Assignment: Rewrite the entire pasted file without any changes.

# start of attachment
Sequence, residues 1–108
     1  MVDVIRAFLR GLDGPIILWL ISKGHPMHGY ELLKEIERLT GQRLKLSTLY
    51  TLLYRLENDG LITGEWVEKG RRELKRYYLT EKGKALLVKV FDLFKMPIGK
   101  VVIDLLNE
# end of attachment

Sequence, residues 1–108
     1  MVDVIRAFLR GLDGPIILWL ISKGHPMHGY ELLKEIERLT GQRLKLSTLY
    51  TLLYRLENDG LITGEWVEKG RRELKRYYLT EKGKALLVKV FDLFKMPIGK
   101  VVIDLLNE